In addition, Ms. Roberts, with other members of the chapter’s Advocacy Committee, had continually met with legislators and other elected officials to present the case for full equality for LGBT individuals.

For her efforts, Colette Roberts received an award in November 2005 from Equality Maryland, the state’s principal LGBT civil rights organization.  She was honored before such dignitaries as then Baltimore Mayor Martin O’Malley and civil rights activist Julian Bond.  Colette Roberts was recognized for her energy and drive in making lives better for the LGBT community and their families in Howard County. 
Receiving Human Rights Commission Award
In 2007, she received the Howard County’s Human Rights Commission Award for her efforts to improve the lives of LGBT citizens and their families.  In accepting her award, Ms. Roberts acknowledged the work of the chapter in supporting parents and families of LGBT children but also in trying to eradicate discrimination. 
“We welcome everyone who shares in the vision of a world that respects all people,” she said.  Calvin Ball, then Chair of the Howard County Council said after the presentation, “Colette Roberts is a committed public servant, and we’re lucky to have her in Howard County.”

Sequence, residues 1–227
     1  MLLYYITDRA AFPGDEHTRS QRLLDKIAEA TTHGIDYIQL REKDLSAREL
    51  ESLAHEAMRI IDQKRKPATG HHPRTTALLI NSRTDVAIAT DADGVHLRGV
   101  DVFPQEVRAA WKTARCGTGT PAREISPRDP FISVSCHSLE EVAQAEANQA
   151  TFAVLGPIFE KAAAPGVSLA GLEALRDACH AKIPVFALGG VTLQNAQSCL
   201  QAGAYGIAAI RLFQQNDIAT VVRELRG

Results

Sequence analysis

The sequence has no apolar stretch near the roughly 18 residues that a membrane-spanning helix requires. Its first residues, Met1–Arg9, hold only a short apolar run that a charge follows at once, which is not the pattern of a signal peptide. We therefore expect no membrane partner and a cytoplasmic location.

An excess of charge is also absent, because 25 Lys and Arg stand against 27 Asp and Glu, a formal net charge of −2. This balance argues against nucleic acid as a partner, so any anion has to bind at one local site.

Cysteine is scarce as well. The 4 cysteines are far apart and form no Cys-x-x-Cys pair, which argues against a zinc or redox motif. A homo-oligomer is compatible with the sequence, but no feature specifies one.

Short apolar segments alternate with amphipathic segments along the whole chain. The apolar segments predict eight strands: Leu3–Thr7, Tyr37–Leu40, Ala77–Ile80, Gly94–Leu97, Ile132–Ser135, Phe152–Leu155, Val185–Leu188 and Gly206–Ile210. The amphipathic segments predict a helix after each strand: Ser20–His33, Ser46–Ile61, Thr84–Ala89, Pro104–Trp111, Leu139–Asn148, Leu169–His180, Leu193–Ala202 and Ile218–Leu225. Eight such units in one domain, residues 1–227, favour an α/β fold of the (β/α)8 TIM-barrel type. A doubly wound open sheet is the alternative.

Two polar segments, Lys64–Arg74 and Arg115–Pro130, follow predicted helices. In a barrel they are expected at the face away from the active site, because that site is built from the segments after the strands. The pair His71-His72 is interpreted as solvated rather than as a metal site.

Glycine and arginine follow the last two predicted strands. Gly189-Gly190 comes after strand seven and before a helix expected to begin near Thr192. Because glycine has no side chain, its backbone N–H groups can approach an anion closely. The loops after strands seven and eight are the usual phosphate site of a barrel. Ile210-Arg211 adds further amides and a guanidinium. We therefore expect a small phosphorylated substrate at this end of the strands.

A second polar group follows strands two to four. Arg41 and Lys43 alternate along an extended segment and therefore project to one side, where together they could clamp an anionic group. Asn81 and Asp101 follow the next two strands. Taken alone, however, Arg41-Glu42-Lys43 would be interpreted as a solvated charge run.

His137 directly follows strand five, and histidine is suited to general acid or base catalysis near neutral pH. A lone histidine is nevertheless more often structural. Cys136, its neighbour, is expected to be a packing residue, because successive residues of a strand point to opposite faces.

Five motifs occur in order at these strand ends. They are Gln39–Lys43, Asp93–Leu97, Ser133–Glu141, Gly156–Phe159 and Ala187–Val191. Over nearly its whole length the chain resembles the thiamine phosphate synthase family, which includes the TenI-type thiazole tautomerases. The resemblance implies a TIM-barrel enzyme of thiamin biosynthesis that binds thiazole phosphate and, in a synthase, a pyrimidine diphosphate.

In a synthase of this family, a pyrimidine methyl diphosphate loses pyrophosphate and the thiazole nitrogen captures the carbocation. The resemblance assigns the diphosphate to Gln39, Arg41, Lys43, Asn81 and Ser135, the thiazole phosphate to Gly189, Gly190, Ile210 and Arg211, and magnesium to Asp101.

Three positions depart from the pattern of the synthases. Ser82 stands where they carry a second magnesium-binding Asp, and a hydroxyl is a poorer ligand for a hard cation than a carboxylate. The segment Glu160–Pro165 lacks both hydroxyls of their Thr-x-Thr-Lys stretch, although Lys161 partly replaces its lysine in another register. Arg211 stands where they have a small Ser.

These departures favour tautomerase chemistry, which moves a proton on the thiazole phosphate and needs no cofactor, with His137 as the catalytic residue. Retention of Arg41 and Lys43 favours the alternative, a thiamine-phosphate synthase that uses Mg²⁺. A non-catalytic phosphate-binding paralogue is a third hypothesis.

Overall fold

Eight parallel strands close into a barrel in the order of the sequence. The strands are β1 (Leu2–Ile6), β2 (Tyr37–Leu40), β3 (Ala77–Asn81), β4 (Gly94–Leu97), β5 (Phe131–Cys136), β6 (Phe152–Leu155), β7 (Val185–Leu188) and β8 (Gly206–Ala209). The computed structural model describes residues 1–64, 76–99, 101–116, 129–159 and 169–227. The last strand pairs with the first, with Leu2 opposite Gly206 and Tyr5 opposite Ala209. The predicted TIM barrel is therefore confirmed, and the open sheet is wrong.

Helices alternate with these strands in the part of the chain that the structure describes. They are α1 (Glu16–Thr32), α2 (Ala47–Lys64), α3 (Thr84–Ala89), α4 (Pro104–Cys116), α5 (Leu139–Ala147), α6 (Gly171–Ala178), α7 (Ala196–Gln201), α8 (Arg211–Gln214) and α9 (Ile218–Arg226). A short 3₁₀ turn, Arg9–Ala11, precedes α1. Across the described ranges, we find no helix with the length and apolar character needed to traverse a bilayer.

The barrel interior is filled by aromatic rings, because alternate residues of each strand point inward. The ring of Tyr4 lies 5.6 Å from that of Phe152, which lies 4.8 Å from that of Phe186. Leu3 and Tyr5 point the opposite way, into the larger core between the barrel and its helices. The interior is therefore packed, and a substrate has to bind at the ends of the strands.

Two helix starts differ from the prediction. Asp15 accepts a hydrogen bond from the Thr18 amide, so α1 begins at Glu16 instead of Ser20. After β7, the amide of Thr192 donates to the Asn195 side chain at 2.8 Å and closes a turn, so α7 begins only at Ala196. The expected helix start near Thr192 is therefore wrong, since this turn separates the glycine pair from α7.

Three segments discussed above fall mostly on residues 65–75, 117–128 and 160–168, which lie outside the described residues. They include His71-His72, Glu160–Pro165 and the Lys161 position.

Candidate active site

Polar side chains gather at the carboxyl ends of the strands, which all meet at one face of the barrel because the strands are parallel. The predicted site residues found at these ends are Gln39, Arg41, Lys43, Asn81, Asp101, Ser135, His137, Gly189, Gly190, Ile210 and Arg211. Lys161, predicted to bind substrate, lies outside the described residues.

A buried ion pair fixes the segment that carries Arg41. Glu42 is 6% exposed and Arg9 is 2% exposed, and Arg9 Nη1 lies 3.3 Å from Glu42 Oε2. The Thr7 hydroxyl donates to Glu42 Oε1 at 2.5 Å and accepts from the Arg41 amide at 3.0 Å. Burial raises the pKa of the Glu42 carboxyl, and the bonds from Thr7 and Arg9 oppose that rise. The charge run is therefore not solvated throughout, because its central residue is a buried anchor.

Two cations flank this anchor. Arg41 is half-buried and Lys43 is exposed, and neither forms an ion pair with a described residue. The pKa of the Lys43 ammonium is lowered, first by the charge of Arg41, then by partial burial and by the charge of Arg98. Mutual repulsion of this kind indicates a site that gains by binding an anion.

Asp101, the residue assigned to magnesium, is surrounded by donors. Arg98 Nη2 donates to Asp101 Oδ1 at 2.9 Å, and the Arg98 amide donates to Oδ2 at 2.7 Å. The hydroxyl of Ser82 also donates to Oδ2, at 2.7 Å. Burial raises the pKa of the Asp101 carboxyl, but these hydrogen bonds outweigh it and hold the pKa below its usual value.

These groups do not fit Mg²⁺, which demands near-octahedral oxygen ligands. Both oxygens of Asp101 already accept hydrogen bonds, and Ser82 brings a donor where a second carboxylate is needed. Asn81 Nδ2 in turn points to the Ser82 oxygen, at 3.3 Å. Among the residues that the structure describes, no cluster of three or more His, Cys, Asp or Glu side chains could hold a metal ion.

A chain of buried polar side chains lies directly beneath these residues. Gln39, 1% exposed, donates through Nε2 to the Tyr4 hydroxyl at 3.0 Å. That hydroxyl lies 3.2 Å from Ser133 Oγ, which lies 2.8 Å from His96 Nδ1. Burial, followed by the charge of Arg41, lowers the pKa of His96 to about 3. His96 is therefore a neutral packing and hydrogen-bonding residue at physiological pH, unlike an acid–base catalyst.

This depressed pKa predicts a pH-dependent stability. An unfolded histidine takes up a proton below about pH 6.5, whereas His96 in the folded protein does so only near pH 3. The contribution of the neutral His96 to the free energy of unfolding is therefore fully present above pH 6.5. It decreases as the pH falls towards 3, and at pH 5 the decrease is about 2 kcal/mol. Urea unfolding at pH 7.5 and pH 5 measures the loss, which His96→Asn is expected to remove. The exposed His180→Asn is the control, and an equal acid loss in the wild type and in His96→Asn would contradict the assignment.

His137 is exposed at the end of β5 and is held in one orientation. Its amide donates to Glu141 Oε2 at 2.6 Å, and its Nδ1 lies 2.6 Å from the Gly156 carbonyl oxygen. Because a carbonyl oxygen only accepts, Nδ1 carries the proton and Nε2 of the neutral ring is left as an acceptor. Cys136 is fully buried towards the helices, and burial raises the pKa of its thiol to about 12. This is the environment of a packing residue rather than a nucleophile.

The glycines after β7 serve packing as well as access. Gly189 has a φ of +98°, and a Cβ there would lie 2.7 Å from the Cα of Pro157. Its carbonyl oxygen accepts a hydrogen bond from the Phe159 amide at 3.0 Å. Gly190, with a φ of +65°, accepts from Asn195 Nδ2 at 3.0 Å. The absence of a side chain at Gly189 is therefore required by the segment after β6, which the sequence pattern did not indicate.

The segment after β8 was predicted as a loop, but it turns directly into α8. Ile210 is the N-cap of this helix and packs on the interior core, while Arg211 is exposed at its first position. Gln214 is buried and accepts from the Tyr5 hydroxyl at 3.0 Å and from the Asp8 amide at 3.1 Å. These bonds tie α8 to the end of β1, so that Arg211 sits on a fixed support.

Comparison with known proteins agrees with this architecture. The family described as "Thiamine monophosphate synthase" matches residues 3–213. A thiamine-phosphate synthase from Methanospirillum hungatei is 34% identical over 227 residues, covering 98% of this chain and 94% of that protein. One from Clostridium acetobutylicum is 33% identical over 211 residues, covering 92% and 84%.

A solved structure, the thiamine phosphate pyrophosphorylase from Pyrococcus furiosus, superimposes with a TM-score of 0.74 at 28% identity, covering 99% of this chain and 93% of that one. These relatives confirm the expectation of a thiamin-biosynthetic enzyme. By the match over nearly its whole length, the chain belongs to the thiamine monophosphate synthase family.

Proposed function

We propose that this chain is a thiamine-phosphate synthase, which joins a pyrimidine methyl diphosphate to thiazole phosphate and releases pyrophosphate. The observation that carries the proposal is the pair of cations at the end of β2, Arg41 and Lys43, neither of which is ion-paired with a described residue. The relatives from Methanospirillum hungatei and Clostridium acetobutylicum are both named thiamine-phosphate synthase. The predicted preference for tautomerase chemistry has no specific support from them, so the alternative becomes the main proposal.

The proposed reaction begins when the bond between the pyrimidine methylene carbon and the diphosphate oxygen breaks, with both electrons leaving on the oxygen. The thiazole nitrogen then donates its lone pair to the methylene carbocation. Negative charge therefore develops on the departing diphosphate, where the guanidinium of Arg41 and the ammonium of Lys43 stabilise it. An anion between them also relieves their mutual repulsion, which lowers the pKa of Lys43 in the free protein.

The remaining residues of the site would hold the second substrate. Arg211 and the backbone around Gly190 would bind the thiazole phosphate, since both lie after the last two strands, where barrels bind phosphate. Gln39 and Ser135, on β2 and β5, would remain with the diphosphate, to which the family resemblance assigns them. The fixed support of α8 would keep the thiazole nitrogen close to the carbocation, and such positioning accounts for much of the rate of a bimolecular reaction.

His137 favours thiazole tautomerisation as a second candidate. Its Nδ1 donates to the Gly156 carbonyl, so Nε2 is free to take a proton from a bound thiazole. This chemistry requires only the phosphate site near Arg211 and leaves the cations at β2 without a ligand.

In 2010, Ms. Roberts was honored by the Gay, Lesbian, Bisexual, Transgender Community Center of Baltimore and Central Maryland (GLCCB) for her years of service to the community. The same year she was honored by the Howard County Democratic Party when she was presented with the Jefferson Jackson Community Builder Award by County Executive Ken Ulman.

Colette Roberts has improved the lives of women by keeping Howard County families together.  She served as a volunteer for the National Organization for Women in its quest to achieve an Equal Rights Amendment.  As a member of an interracial couple, Ms. Roberts experienced first hand the stain of discrimination.  She has fought discrimination all her life and does not want to see her daughter to be a victim of hate and prejudice based on who she is.  Ms. Roberts doesn’t want any other children to be victims either. 

Her achievements in the area of human rights have been bold and enduring.  She helped to create and maintain a viable organization that has garnered an incredible amount of respect and admiration throughout the county.  She succeeded in keeping families together by dedicating much of her time and energy to this cause.  As such, Colette Roberts has made a difference in the lives of Howard County’s citizens.

Ms. Roberts had resigned her post as PFLAG chapter Chairperson in January 2010 for personal reasons.  She along with her now late husband Jim owned a small business for many years on Ellicott City’s Main Street.  She is currently employed as an administrative assistant at Howard Community College.

Colette Roberts’ legacy in the area of civil rights and improving the lives of so many is lasting and, therefore, is worthy of being selected in the Howard County Women’s Hall of Fame.